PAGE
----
Feeds

Woolwich beheading sparks call to REVIVE UK Snoopers' Charter

What? You don't agree? What are you, a terrorist?

Intelligent flash storage arrays

Nick Clegg has been warned that his opposition to the controversial Communications Data Bill could leave Britain "at risk" after a soldier was beheaded in Woolwich, London.

The deputy prime minister is coming under increased pressure to rethink his stance on the draft law, dubbed the Snoopers' Charter. The bill, if passed by Parliament, will allow cops and spooks to closely monitor Brits online and access communications data from mobile phones, potentially without court authorisation.

It was first mooted by the Labour government and then the Tory-led Coalition, prompting Lib Dem leader Clegg to say he would not allow it to be passed on his watch. It was then quietly dropped from the Queen's Speech.

But, on Wednesday this week, hours after a young squaddie was hacked to death by two religious fanatics on bustling Woolwich High Street, Labour peer Lord John Reid appeared on the BBC's Newsnight to demand that the Coalition reintroduce the charter.

Reid, the former Labour home secretary, said the bill was a crucial weapon against terrorists and warned that it would take "some huge tragedy" for Britons to see the need for legislation.

Lord West, a Labour peer who worked as security minister under Gordon Brown, added: "The communications data bill is absolutely crucial. We may find the information we need on these mobiles is not there. It was meant to be in the Queen's speech. David Cameron and the home secretary both quite rightly wanted it, but the deputy prime minister said no and that is putting the country at risk.

"They need to look again at the bill, which has a lot of changes to stop it being a snoopers' charter. This ability is something that exists now, and will disappear. I have no doubt that if it goes we will be more at risk, so the deputy prime minister is, I believe, putting the country at risk."

Lord Carlisle, a Liberal Democrat, also backed Reid. "We have to learn proportionate lessons from what has occurred," he said. "We mustn't rush to judgment. But we must ensure that the police and the security services have for the future the tools they need that will enable them to prevent this kind of attack taking place.

"I hope that this will give the government pause for thought about their abandonment, for example, of the communications data bill, and possibly pause for thought about converting control orders into what are now called TPIMs*, with a diluted set of powers."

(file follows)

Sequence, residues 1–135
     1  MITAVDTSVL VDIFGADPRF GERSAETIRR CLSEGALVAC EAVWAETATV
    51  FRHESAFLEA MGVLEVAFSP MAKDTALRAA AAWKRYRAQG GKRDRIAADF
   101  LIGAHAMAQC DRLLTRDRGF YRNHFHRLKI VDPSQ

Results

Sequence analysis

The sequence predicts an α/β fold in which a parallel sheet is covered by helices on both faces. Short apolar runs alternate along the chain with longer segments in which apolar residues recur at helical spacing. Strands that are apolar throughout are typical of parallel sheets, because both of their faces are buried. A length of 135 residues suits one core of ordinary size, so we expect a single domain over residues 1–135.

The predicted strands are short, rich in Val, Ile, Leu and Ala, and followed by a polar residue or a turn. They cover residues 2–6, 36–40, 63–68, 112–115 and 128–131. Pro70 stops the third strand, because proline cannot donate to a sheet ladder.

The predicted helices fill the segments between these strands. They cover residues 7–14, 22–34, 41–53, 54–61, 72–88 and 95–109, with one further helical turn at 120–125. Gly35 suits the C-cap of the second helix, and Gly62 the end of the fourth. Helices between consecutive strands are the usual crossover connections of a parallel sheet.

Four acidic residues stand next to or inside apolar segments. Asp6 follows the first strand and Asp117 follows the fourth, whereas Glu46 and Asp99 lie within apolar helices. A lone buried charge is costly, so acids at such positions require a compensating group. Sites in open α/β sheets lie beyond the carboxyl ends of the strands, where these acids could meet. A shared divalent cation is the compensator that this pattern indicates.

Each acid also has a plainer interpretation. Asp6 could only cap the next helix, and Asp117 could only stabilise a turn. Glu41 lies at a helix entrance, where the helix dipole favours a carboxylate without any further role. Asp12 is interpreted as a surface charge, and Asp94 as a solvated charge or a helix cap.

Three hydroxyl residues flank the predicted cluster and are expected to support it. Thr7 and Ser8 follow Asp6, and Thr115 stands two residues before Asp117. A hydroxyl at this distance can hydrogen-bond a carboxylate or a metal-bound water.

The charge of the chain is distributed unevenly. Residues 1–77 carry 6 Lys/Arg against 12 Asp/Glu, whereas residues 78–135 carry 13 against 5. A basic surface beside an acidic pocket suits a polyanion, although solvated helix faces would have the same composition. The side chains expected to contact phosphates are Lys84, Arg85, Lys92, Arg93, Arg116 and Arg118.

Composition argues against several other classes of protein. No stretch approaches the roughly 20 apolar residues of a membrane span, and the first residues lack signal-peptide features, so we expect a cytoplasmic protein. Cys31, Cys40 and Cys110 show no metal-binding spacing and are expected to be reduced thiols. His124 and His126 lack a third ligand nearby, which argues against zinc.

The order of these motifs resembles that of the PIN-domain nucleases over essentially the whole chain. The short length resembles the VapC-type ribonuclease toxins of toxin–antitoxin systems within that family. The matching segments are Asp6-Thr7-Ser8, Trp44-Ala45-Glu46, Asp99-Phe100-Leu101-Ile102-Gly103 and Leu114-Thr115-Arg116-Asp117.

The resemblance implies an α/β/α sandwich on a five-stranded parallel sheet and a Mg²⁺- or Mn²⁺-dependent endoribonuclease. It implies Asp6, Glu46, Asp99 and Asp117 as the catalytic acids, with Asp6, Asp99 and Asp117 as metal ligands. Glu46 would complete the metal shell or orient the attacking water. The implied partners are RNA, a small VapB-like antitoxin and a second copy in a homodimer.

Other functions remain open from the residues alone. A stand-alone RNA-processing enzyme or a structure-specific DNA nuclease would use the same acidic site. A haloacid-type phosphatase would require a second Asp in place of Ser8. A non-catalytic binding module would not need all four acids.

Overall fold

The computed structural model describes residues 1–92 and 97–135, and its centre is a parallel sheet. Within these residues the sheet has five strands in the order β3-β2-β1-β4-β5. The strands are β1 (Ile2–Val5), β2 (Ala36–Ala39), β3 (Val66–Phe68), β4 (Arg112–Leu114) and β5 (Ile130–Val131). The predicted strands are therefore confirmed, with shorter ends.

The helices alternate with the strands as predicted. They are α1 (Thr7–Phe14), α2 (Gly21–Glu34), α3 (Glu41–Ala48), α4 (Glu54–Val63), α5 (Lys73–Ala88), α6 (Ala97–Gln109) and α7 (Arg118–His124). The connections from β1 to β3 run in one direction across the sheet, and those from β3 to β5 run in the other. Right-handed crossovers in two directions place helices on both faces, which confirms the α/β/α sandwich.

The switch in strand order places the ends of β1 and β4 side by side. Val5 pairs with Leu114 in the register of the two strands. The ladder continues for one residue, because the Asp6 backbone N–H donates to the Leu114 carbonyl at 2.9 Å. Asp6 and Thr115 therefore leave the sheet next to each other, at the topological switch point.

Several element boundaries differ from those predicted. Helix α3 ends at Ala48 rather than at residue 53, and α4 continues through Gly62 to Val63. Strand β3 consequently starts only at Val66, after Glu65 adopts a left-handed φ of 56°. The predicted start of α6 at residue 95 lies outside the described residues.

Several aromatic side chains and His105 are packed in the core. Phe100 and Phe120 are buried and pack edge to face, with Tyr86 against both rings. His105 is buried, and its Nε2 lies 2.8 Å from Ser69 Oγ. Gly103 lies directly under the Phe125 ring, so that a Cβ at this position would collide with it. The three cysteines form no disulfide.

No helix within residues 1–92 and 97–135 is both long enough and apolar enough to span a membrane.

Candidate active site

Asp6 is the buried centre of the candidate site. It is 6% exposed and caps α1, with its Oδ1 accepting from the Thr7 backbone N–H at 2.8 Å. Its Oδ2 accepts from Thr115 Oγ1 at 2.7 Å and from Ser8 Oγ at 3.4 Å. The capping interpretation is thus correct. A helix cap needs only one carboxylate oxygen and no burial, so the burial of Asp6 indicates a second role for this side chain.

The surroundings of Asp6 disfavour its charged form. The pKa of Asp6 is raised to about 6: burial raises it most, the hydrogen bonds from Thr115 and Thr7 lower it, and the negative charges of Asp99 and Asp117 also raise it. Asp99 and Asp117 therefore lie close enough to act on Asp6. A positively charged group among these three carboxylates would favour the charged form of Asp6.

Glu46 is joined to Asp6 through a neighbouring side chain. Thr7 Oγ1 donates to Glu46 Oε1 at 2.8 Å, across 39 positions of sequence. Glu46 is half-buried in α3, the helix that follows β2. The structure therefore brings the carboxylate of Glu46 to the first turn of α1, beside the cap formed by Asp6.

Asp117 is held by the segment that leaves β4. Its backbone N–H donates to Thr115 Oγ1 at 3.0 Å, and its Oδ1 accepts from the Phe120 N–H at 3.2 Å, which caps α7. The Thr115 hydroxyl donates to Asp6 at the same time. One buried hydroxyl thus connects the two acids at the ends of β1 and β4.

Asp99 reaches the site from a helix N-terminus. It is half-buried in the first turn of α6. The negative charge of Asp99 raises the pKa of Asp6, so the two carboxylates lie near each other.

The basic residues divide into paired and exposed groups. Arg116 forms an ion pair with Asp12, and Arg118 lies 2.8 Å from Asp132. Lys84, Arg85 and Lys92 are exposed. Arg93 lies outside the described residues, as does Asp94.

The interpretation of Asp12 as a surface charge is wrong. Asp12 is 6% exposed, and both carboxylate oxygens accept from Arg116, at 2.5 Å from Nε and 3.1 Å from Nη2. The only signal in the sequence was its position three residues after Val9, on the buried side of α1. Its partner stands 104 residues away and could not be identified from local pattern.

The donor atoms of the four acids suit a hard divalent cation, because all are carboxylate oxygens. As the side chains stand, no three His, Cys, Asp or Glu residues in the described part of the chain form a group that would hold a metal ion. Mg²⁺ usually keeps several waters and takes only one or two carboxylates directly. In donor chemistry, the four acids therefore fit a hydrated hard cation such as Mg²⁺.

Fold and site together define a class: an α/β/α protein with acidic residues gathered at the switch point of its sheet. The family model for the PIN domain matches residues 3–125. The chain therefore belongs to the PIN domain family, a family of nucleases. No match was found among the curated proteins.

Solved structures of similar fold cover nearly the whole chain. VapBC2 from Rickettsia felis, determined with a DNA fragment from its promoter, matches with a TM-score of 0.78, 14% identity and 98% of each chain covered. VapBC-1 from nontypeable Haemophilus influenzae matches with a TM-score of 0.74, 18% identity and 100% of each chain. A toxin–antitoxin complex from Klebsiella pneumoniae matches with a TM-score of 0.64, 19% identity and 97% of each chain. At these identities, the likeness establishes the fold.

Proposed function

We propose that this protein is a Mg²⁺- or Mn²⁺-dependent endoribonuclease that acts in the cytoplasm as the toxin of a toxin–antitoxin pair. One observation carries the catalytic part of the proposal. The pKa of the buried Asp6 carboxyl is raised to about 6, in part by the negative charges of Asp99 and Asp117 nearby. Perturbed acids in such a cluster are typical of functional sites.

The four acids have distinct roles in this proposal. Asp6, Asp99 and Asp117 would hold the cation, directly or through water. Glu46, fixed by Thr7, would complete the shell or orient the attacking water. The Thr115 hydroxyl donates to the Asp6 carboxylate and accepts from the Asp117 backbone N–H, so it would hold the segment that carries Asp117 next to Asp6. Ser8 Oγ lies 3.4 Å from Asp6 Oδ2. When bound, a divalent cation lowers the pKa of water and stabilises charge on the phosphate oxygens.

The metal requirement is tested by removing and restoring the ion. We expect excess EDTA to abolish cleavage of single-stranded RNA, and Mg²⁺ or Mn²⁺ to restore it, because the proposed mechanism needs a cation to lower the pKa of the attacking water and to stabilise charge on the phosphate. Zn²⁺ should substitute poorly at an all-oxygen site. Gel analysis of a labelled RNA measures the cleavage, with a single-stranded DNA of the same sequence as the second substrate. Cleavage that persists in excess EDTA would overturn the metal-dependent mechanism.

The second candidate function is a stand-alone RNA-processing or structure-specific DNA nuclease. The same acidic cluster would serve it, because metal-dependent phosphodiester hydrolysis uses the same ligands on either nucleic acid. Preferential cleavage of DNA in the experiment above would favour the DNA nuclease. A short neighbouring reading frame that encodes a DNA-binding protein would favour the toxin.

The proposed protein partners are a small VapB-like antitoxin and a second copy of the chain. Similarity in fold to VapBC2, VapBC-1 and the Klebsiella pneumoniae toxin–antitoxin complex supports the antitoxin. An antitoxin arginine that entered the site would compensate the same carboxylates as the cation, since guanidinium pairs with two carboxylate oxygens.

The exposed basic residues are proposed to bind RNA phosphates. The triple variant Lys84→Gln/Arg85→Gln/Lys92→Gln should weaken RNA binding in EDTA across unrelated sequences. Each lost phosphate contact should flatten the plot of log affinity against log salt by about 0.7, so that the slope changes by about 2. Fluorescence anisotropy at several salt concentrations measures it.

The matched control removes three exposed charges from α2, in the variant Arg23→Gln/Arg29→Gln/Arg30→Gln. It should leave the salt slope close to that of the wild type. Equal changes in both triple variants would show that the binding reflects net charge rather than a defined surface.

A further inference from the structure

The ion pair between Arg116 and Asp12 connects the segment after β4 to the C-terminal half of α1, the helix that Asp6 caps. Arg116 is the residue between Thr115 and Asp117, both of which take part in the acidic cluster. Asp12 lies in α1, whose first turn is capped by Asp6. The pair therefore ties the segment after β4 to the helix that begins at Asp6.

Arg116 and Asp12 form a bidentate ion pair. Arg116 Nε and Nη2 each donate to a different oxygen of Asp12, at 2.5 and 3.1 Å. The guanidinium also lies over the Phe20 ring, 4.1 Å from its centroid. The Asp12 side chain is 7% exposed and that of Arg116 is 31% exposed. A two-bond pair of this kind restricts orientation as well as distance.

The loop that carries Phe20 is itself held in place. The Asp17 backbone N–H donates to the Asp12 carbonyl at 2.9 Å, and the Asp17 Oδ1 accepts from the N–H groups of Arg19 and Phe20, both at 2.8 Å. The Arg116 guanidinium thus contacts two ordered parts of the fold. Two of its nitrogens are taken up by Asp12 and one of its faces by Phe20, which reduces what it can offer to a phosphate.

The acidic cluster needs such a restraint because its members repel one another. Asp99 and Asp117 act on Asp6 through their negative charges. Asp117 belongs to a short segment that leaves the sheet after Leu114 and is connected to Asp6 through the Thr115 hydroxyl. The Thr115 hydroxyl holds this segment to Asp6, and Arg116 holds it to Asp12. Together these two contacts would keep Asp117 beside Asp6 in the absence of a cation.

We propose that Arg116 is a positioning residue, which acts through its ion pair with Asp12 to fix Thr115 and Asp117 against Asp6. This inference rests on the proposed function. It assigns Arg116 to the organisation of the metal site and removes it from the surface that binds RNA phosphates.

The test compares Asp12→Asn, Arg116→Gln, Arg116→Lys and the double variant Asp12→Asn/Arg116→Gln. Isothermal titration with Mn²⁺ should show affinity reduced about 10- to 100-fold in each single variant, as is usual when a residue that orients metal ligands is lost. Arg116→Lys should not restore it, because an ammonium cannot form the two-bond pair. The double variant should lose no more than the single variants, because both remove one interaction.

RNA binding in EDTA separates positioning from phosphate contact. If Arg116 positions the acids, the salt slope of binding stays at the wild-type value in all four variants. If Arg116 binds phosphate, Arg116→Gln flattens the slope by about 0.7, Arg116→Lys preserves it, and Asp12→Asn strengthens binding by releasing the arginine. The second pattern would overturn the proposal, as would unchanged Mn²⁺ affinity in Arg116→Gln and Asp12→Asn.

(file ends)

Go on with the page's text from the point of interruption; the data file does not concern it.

The bill would allow police to know who used an IP address at any given time, allowing them to trace a suspect's online communications.

Although it was dropped from the Queen's speech, a briefing note accompanying the Queen's speech explained the government's strategy in the following terms:

The government is committed to ensuring that law enforcement and intelligence agencies have the powers they need to protect the public and ensure national security.

These agencies use communications data – the who, when, where and how of a communication, but not its content – to investigate and prosecute serious crimes.

Communications data helps to keep the public safe: it is used by the police to investigate crimes, bring offenders to justice and to save lives. This is not about indiscriminately accessing internet data of innocent members of the public.

It is understood that the government is still planning to introduce a Communications Data Bill in some form. ®

* Terrorism Prevention and Investigation Measures

Internet Security Threat Report 2014

More from The Register

next story
Bono apologises for iTunes album dump
Megalomania, generosity and FEAR of irrelevance drove group to Apple deal
Facebook, Apple: LADIES! Why not FREEZE your EGGS? It's on the company!
No biological clockwatching when you work in Silicon Valley
Doctor Who's Flatline: Cool monsters, yes, but utterly limp subplots
We know what the Doctor does, stop going on about it already
Happiness economics is bollocks. Oh, UK.gov just adopted it? Er ...
Opportunity doesn't knock; it costs us instead
'Cowardly, venomous trolls' threatened with TWO-YEAR sentences for menacing posts
UK government: 'Taking a stand against a baying cyber-mob'
Arab States make play for greater government control of the internet
Nerds told to get lost in last-minute power grab bid at UN meeting
Zippy one-liners, broken promises: Doctor Who on the Orient Express
Series finally hits stride, but Clara's U-turn is baffling
Don't bother telling people if you lose their data, say Euro bods
You read that right – with the proviso that it's encrypted
prev story

Whitepapers

Forging a new future with identity relationship management
Learn about ForgeRock's next generation IRM platform and how it is designed to empower CEOS's and enterprises to engage with consumers.
Why cloud backup?
Combining the latest advancements in disk-based backup with secure, integrated, cloud technologies offer organizations fast and assured recovery of their critical enterprise data.
Win a year’s supply of chocolate
There is no techie angle to this competition so we're not going to pretend there is, but everyone loves chocolate so who cares.
High Performance for All
While HPC is not new, it has traditionally been seen as a specialist area – is it now geared up to meet more mainstream requirements?
Intelligent flash storage arrays
Tegile Intelligent Storage Arrays with IntelliFlash helps IT boost storage utilization and effciency while delivering unmatched storage savings and performance.